Mill View Hospital Art Project

“I’m proud of myself and proud of the project.” In early 2013 Sussex Partnership NHS Foundation Trust received a generous grant from the Friends of Brighton and Hove Hospitals to run an art project at Mill View Hospital. The aim was to improve the aesthetic quality of the built environment making the hospital a more visually interesting and hopeful place.

From the outset the project was developed in partnership with the Royal Pavilion and Museums. It reflects Sussex Partnership’s commitment to collaborative and participatory arts projects involving health and cultural partnerships with service users at their heart. The project has been participatory throughout with service user involvement in the selection interviews for the commissioned artist, in the creation of works of art and in the curatorial process. All participants had direct experience of acute mental health care and because of this we wanted to ensure the group felt supportive and safe as well as exploratory. Throughout the project staff worked closely to attend to practical, aesthetic and emotional issues. This helped achieve remarkably high attendance at each of the six weekly sessions and a strong level of engagement.

Before the project started the group made up of mental health service users, carers and staff met on the hospital site to view the exhibition space, meet each other and begin to look at images from the Royal Pavilion and Museums collection. During that very first meeting we looked at a historic photograph of Brighton Pavilion being used as a hospital during the First World War, whilst doing so there was a moment of realisation that almost one hundred years later we were involved in reversing this process and bringing the museum into a hospital. Any initial ideas of using reproductions from the museum collection for display within the hospital quickly gave way to a much more engaged process. The commissioning of a lead artist, Annis Joslin, ensured the project was guided by a strong aesthetic vision and highly developed visual arts skills. We choose an artist with an established background in participatory arts practice. The collaboration with the Royal Pavilion and Museums went far beyond using beyond physical space to run art making sessions. Our partnership included access to the Museum collection, a teaching session with gallery curator Jenny Lund which involved visits to and discussion of two current exhibitions.  Alongside making work, participants also became more skilled and confident selecting and viewing images, collating works and finally testing out curatorial choices using a model of the proposed gallery space at Mill View Hospital.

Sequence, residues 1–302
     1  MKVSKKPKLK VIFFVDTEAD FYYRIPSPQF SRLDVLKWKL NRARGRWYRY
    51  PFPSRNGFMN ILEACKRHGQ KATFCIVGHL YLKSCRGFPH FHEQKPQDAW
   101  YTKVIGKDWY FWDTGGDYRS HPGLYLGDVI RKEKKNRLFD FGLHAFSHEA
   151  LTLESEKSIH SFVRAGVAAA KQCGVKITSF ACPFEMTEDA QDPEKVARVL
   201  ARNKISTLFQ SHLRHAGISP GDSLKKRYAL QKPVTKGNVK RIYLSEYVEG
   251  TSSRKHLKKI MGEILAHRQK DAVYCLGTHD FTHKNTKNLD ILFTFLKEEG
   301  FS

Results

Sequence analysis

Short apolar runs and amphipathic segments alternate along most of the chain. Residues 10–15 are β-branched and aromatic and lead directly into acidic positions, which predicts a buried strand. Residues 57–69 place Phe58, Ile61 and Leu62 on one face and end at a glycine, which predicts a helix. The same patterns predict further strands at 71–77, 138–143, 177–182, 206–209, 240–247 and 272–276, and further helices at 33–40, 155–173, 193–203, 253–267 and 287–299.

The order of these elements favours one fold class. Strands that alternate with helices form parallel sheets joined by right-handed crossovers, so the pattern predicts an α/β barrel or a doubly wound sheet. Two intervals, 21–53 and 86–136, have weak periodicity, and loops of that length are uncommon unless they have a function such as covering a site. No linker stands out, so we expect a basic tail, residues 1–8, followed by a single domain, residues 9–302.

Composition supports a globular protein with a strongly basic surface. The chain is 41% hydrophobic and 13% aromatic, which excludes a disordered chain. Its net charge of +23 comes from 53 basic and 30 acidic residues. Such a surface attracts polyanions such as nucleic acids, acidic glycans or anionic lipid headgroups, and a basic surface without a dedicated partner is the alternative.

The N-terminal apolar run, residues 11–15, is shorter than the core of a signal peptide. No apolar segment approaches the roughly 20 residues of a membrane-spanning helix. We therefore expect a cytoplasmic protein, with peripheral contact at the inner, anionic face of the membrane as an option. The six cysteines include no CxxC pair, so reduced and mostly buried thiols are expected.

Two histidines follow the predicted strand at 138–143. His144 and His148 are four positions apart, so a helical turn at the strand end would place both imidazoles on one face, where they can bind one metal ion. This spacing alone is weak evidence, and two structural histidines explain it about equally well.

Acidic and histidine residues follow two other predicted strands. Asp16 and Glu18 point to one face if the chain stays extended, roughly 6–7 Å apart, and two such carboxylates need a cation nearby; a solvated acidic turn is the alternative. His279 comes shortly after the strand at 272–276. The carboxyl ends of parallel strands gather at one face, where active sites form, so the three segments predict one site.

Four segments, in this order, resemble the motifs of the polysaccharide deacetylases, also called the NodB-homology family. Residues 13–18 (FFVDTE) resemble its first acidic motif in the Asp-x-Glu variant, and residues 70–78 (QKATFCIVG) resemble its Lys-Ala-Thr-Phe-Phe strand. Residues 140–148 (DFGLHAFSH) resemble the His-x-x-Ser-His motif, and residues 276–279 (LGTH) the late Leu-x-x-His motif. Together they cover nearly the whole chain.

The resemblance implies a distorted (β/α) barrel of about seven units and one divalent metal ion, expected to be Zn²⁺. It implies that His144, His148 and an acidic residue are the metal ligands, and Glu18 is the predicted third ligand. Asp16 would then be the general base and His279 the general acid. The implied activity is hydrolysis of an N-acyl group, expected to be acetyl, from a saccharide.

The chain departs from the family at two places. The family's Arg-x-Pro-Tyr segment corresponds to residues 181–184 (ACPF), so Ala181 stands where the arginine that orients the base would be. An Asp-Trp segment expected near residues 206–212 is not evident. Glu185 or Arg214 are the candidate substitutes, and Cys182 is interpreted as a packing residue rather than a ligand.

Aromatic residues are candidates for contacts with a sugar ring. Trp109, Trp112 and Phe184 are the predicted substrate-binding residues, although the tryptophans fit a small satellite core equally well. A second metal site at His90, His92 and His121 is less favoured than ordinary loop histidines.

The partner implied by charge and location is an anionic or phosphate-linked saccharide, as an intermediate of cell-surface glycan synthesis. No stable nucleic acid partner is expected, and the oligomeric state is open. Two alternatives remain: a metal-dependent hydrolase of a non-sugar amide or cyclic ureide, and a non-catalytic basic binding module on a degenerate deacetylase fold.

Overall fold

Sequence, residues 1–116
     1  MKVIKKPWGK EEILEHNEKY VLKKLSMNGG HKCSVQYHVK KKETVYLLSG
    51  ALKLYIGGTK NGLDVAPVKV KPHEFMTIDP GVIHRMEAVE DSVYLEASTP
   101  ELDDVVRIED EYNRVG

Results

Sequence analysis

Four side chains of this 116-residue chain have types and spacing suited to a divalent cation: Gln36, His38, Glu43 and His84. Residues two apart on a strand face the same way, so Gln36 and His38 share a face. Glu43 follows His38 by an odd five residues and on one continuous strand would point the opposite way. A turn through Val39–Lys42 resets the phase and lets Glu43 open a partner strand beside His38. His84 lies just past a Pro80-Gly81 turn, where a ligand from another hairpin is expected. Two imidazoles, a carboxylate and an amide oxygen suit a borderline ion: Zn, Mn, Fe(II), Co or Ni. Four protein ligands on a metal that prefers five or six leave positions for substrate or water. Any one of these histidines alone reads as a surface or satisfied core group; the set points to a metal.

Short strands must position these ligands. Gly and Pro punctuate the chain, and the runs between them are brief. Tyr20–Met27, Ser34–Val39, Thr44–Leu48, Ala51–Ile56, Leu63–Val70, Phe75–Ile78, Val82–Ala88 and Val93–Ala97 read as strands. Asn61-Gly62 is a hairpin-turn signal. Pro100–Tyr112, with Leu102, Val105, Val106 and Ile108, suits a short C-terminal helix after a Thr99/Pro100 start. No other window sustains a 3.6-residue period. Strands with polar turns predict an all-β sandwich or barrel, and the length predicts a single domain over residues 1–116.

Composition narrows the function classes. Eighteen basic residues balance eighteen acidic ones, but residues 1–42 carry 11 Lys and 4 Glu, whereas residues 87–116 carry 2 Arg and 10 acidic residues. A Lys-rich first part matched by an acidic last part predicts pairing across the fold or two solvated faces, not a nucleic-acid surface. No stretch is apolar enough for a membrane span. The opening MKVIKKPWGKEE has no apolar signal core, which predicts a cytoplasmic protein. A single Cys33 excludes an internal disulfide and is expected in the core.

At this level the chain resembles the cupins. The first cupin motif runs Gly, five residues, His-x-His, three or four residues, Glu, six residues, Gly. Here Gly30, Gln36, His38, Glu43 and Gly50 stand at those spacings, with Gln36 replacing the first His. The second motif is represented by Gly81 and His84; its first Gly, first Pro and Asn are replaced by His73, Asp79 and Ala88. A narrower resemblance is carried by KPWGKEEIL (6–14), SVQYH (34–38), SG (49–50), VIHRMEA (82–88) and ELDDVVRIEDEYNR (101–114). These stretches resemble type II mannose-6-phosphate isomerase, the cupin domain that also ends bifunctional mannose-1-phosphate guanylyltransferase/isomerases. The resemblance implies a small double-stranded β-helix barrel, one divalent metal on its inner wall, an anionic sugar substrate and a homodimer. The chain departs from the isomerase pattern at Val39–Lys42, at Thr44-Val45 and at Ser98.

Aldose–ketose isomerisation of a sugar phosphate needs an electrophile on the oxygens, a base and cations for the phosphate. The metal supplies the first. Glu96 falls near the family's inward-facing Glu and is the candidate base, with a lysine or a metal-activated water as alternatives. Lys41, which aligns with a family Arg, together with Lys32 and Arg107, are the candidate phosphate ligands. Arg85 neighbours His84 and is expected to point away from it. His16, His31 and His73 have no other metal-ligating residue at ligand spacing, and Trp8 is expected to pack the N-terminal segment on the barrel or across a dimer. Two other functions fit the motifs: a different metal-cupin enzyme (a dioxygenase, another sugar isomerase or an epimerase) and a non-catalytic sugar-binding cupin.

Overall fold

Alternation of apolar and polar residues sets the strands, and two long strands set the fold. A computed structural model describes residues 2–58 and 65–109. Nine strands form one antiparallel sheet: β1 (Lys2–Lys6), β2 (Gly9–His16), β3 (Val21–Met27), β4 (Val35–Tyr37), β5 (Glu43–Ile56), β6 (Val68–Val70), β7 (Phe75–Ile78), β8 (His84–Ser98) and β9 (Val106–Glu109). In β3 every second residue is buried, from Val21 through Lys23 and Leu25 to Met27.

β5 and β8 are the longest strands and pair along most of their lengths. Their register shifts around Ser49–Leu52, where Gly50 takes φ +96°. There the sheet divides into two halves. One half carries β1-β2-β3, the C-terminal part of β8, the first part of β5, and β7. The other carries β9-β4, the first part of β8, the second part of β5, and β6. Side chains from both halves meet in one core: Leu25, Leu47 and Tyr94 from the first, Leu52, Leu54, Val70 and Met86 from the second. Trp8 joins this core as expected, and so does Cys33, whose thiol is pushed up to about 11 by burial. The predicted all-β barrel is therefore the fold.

Brighthelmston, Sussex. Watercolour by Joseph Mallord William Turner
Brighthelmston, Sussex. Watercolour by Joseph Mallord William Turner

Thus whilst the project had a specific outcome, the creation of a permanent exhibition, an exploratory group process also informed the final exhibition. The starting point was a working title ‘Upside Down and Inside Out’ and the watercolour painting “Brighthelmston, Sussex” (1824) by J M W Turner recently acquired by the Museum. Not only did the J M W Turner painting inspire the exhibition e.g a trip to the beach to try and identify his view point, but it also encouraged the group to create their own images of the city. Contemporary photographs taken by participants, historic photographs of Brighton and Hove from within the museums collection and local maps became the basis of new works. In this way the historic collection was re-imagined and re-worked by each group member. Disparate images were glued together, fragments were cut or torn out and explorations into what could work together were made. At the outset we wanted an exhibition that people could engage with and would want to talk about. As the project progressed participants also wanted service users, visitors and staff to Mill View to both recognise and be curious about the images and for them to see a true portrait of the city in as inclusive, engaging and aesthetic form as possible. Participants feedback has been very positive. The following reflections are from group members: “I’ve learnt how to use photographed images and collage these to transform into new images, especially thinking about their stories. I have enjoyed the quickness of making the pictures and the experience of working in a supportive group.” “I have enjoyed the whole project and its been educational as well as artistically beneficial to me.” “I have enjoyed spending time with such creative, interesting people. We are all very individual, yet on this project we all complemented each other and worked as a really strong team.” “Absolutely brilliant, inspiring and inclusive” “Thank you for making this project so interesting and enjoyable. The work was a labour of love and it was great to be part of it.” “A big THANK YOU for making my Friday afternoon’s an arty pleasure!” The exhibition opens on 10 October 2013. Visitors are welcome by appointment.


Joanna Stevens

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